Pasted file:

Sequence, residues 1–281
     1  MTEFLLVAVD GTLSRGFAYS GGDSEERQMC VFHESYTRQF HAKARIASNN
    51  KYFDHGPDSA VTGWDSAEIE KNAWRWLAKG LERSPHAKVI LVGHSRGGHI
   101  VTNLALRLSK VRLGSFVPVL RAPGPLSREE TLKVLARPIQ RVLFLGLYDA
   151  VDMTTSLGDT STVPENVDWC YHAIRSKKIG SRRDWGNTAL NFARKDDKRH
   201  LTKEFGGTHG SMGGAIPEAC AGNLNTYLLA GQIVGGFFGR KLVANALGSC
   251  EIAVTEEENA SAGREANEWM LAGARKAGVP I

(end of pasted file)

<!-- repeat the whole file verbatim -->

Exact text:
Sequence, residues 1–281
     1  MTEFLLVAVD GTLSRGFAYS GGDSEERQMC VFHESYTRQF HAKARIASNN
    51  KYFDHGPDSA VTGWDSAEIE KNAWRWLAKG LERSPHAKVI LVGHSRGGHI
   101  VTNLALRLSK VRLGSFVPVL RAPGPLSREE TLKVLARPIQ RVLFLGLYDA
   151  VDMTTSLGDT STVPENVDWC YHAIRSKKIG SRRDWGNTAL NFARKDDKRH
   201  LTKEFGGTHG SMGGAIPEAC AGNLNTYLLA GQIVGGFFGR KLVANALGSC
   251  EIAVTEEENA SAGREANEWM LAGARKAGVP I